1. Dennis, I’ve written to Fuji UK about it, if not just to raise it with them from a point of view of awareness although I’ll be amazed if they don’t know. I’ve been dealing with them on the hot pixel issue in long exposures on the x-t1 and whilst they can’t fix that issue their attitude has been first class. I bought the x-t1 & 10-24 as a lightweight landscape kit as an alternative to my weighty Canon 1Dx & 16-35 and if I can’t use filters its a waste of time. Having to resort to Heath Robinson measures to fix the issue isn’t what should be expected from lenses causing circa £900.

  7. Thanks for the heads up on this.
    To overcome any potential reflections I purchased some black self adhesive felt (or velour, flock, baize) and a compass cutter, cut a circle out 1mm smaller in diameter than the lens filter size (so for the Fuji 14mm which has a 58mm thread I cut out a 57mm circle of felt, then cut another circle, or hole within the circle 6mm smaller than the outer diameter and covered the offending text.
    I wanted something that wasn’t permanent and easy to remove, in case I ever sold the lens.

  8. Hi all, I shoot with a 10-24 lens and use a Format Hitech 100mm system with wide angle ring. I use the 10 and 6 stop filters as well a range of ND grads. Never had single problem. I was advised not to use anything smaller than a 100mm system with wide angle lenses and its paid off.

    1. Hi Gary and thanks for the comment! I’ve been eyeing those Hitech filters as they seem to be a bit more appropriate to the Hasselblad I bought recently. I’ll keep it in mind as my wallet edges ever closer to the keyboard! 🙂

  9. Dennis, further to my comments above I went for a black tape option around the lettering. I was shooting the eclipse today. North East of Scotland, I had my Fuji Camera set up with the 10-24 and 2 ND Grads (3 Stop and 2 Stop) as my wide kit. In the bottom left of my later images there appears to be a reflection which looks like the ribbed edges of the front element surround. There is more than one set of them which could be a multiple reflection but they are beautifully concentric if so. Have you seen this before or just the lettering?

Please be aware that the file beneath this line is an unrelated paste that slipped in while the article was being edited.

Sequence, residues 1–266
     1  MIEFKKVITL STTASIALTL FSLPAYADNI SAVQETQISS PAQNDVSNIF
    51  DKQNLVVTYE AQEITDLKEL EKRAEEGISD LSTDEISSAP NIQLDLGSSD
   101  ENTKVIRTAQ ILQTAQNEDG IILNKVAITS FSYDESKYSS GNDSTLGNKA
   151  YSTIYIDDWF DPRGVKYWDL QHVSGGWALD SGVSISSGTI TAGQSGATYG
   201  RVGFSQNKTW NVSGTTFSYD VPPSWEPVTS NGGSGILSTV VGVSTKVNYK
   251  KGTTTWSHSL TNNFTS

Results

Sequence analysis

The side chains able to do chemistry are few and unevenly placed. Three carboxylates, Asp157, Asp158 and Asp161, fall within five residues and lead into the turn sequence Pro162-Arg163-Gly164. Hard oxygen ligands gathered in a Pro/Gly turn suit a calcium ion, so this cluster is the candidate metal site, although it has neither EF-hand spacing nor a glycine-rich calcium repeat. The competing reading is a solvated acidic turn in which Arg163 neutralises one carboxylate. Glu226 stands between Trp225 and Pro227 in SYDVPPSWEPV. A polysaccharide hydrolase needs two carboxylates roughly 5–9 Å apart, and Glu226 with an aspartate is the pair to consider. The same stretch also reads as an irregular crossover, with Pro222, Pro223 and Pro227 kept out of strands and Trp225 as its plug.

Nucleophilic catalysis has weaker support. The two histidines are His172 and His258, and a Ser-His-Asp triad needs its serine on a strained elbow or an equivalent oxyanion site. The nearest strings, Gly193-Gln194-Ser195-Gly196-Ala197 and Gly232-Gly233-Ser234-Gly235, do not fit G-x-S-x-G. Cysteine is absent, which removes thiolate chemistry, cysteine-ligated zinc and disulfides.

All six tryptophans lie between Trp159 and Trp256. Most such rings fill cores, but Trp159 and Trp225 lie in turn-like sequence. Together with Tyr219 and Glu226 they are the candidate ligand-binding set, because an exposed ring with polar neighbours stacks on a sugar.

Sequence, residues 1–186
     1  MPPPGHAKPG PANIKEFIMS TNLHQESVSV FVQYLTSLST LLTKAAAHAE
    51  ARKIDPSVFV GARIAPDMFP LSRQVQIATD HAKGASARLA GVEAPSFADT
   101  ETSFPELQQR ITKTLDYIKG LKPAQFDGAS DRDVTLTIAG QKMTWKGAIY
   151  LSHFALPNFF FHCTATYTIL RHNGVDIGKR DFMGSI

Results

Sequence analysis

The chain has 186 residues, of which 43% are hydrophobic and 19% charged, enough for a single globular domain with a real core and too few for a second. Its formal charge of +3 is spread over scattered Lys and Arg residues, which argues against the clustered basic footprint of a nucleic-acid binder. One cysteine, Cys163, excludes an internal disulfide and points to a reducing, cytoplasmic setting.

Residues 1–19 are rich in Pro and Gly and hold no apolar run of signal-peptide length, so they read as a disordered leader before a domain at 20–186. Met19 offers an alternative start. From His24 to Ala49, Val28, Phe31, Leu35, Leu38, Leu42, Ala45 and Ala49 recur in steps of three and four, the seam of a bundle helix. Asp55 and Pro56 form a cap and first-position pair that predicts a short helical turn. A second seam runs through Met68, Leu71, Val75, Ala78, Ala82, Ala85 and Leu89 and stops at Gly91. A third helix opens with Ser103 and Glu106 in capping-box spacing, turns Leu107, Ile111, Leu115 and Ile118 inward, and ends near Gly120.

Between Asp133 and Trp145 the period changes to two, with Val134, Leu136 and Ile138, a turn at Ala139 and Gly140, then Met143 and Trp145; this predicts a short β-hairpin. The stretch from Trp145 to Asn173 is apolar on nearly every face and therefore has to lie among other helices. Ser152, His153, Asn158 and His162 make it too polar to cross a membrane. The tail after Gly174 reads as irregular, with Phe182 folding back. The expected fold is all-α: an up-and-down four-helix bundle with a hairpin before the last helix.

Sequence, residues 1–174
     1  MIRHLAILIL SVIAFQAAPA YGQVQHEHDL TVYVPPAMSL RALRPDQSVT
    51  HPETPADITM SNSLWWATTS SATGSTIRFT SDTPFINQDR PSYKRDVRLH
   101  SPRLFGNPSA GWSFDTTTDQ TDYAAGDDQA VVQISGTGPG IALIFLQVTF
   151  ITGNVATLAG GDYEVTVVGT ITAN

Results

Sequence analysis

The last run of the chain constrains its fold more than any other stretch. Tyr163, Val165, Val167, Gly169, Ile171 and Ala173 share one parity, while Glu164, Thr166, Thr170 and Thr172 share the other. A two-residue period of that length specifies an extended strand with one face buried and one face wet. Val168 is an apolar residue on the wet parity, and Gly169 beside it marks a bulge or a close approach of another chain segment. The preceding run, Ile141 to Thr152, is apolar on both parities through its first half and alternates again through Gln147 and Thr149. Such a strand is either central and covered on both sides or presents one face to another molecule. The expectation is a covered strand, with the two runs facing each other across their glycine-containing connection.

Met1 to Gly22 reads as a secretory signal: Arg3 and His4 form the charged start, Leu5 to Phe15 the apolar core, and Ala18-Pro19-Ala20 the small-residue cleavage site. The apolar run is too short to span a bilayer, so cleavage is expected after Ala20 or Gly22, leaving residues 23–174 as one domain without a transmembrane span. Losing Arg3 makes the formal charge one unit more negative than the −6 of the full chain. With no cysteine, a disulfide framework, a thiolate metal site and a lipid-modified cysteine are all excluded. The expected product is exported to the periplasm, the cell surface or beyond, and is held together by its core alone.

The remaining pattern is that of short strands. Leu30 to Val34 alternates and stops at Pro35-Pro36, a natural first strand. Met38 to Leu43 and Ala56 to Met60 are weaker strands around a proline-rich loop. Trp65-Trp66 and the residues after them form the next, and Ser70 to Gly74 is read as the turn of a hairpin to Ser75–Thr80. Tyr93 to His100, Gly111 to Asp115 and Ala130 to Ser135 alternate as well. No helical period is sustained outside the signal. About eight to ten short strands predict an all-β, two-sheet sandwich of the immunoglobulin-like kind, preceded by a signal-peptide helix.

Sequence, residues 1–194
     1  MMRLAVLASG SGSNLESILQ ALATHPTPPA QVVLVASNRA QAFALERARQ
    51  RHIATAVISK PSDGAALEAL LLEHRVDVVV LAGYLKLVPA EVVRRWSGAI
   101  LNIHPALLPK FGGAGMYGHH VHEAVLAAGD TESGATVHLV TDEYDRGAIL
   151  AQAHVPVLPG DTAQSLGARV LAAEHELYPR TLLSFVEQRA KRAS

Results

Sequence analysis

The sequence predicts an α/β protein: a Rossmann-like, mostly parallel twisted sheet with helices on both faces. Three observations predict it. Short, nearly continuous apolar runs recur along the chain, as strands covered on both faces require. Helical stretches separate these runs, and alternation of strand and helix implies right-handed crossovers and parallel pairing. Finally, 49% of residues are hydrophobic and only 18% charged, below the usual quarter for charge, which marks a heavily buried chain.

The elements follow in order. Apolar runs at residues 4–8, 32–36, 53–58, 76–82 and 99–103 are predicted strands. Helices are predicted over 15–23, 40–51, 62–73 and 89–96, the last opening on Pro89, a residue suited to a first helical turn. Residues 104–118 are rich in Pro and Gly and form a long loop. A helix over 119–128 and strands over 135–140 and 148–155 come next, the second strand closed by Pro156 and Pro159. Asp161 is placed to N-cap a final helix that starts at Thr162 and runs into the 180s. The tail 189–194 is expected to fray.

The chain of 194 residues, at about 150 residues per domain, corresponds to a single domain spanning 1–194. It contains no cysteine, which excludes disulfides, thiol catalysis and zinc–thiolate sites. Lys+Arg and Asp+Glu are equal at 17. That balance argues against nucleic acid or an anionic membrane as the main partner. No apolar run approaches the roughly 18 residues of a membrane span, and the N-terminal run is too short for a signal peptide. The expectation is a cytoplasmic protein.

1. Hi Brian. What a bummer. I hope the images are otherwise still usable.

      To your question, I haven’t had an issue with reflections of any kind really since I painted the front ring matte black.

  10. Genius idea – thanks for sharing. From the several approaches described, yours seems the best and most elegant solution. If you go ahead and do this to any of your other lenses, would you consider posting a video on your spray painting technique showing your choice of paint, how you covered the glass etc? Thanks again.

    1. Hi Steve, Thanks for the comment. I’ve done my 14 and 18-55 and am probably not going to buy another lens. I used what I had handy, which was blue 3M painter’s tape (2080/delicate surface type) and a can of cheapo flat black spray paint from Home Depot. I masked off the glass by making a stencil with a roll of electrical tape that was about the right size (remove tape to correct diameter), then cut the circle out and stuck it on the glass making sure I erred on the slightly bigger side so that all of the glass was covered. Next I masked off the rest of the lens in its entirety with blue tape so that only the lettered ring was exposed. Shot the lettering with a couple of coats (20 minutes in between coats in warm weather) and it was done. Hope that helps.